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CHAPTER IV.

WORKING CONDITIONS.

Regularity of employment–The immigrant and organized labor—Text Tables 32

and 33 and General Table 19).

REGULARITY OF EMPLOYMENT.

The regularity of employment, as well as the relative industries of the employees of the several races and nativity groups, is exhibited by the table which appears below and which shows, by general nativity and race of individual, the months worked during the past year by males in the households studied who were 16 years of age or over.

TABLE 32.— Months worked during the past year by males 16 years of age or over employed

away from home, by general nativity and race of individual.

(STUDY OF HOUSEHOLDS.)

[This table includes only races with 20 or more males reporting. The totals, however, are for all races.)

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It appears from the above table that of the males for whom information was secured almost all worked at least six months during the year, that 98.7 per cent worked nine months or over, and that 93.5 per cent worked twelve months. The proportion of males who worked nine months or over and twelve months, respectively, is larger for the native-born of foreign father than for the foreign-born. Of the foreign-born, all the Magyars and Norwegians and a larger proportion of the Poles and Finns than of the individuals of any other race worked twelve months during the year. The proportion of males who worked nine months or over is smallest for the Croatians and Finns.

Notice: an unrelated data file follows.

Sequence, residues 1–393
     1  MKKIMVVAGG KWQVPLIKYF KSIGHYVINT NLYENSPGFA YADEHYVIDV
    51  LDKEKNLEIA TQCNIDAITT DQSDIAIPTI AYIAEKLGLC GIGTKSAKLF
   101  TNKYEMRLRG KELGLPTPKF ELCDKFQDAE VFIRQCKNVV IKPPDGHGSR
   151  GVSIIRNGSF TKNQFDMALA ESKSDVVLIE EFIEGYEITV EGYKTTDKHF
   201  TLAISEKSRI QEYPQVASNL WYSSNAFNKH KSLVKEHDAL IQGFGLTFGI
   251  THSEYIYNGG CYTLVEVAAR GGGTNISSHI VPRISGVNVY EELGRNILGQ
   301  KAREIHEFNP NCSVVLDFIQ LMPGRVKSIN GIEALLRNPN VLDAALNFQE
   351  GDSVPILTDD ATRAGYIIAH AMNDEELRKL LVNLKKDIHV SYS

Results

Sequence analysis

THE IMMIGRANT AND ORGANIZED LABOR.

The small extent to which the mine workers are members of labor organizations is set forth in the following table, which shows, by general nativity and race of individual, the affiliation with trade unions of males, in the households studied, who were 21 years of age or over.